Bluffton, Indiana, was nicknamed “The Parlor City” over a century ago because its paved streets (a new phenomenon at the time) made the city “as clean as your parlor."
By Ron Lora
Saturday's earthquake in Chile is linked directly to the earthquake that Charles Darwin witnessed 175 years ago at the same geological fault. He was the sole scientist on H.M.S. Beagle, whose mission it was to complete a survey of Patagonia and Tierra del Fuego, and map the shores of Chile, Peru, and certain islands in the Pacific.
It was the most important event of Charles Darwin's life. Leaving England at the end of 1831, he and 73 other shipmates began a five-year voyage around the globe to engage their mission. It was on that trip that the youthful naturalist made discoveries in the Galapagos Islands that forever altered our thinking about the riddle of existence.
In Chile, which sits on what was not yet known as the Pacific Ring of Fire, Darwin lived through the earthquake of 1835 that brought death and destruction, and which geologists today estimate was of 8.5 magnitude. Running for several hundred miles along the same section of the fault that fractured on Saturday, it made a terrific impression on him. He had seen that the earth could tear apart.
Indeed, he writes in "The Voyage" that it destroyed one of man's oldest illusions; namely, that the earth is solid. Instead, it "moves beneath our feet like a crust over fluid; one second of time conveys to the mind a strange idea of insecurity, which hours of reflection would never create."
Many of Darwin's passages would apply to last Saturday's quake: "I felt the earth tremble....The rocking was most sensible....There was no difficulty in standing upright; but the motion made me giddy." Concepcion had been reduced to rubble. Afterward, like today, the "frequent, almost incessant tremors, occasional shocks more or less severe, and distant subterranean noises, kept everyone in anxious suspense."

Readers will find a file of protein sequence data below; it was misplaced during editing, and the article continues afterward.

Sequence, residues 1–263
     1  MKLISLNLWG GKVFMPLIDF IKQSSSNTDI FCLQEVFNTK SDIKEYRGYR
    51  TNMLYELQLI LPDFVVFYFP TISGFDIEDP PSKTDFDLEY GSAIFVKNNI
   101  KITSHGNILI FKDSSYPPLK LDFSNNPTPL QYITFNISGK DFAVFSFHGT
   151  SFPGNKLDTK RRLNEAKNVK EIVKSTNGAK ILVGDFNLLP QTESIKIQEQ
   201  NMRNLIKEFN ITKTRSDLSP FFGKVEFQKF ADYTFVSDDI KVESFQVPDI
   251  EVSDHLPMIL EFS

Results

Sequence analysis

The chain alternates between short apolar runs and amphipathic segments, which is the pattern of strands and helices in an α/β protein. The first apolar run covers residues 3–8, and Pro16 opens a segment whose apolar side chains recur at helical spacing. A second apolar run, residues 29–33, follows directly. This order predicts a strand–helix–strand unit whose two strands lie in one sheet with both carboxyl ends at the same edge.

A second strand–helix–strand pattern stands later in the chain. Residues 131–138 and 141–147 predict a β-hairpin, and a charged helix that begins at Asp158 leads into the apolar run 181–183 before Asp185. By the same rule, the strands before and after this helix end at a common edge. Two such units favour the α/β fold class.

The most remarkable effect of the earthquake, wrote Darwin, was that around Concepcion the land had undergone permanent elevation by two or three feet. He also noted the damage caused by what we call a tsunami wave, triggered by the earthquake.
Other experiences in Chile contributed to his rapidly developing view of an unsettled earth. On at least two occasions he took a mule trip up the high mountains. There he saw the wearing processes of the earth in the mountain ranges of the Andes, and most interesting of all: seashells at 12,000 feet altitude! Did it not prove that one of the world's highest mountain ranges was once under water? That, assuredly, was not the prevailing view in the 1830s.
He found evidence of petrified seashells during another mule trip that he took into the Andes 50 miles north of Valparaiso. Always there was something new. Among the shells were thousands of fossilized trunks of trees (one of them eighteen feet in circumference), sprung from a volcanic soil that too had once been beneath the sea!
Darwin had taken with him "The Principles of Geology," by Charles Lyell, England's foremost geologist. In it he encountered the view that the earth was much older than commonly believed. Because time itself could now be thought of as reaching back through eons, it therefore was possible to think of mountains being thrust up gradually through millions of years; and more, although counterintuitive, it was even possible because of repeated upheavals and injections to understand why loftier ridges in the mountain ranges could be younger than less lofty ones.
"Who can avoid wondering at the force which has upheaved these mountains," he wrote, "and even more so at the countless ages which it must have required, to have broken through, removed, and leveled whole masses of them?"
From a thousand observations and impressions such as these, the young naturalist formed his theory of evolution and confirmed the views of geologist Lyell that the earth itself exists in a state of continuous change.
Ever the reflective young scientist who wondered about the power of natural processes, he ponders the effects of such an upheaval in his home island: "If beneath England the now inert subterranean forces should exert those powers, which most assuredly in former geological ages they have exerted, how completely would the entire condition of the country be changed! What would become of the lofty houses, thickly packed cities, great manufactories, the beautiful public and private edifices?"
In thickly packed Port-au-Prince, Haiti, last month, nature gave its answer.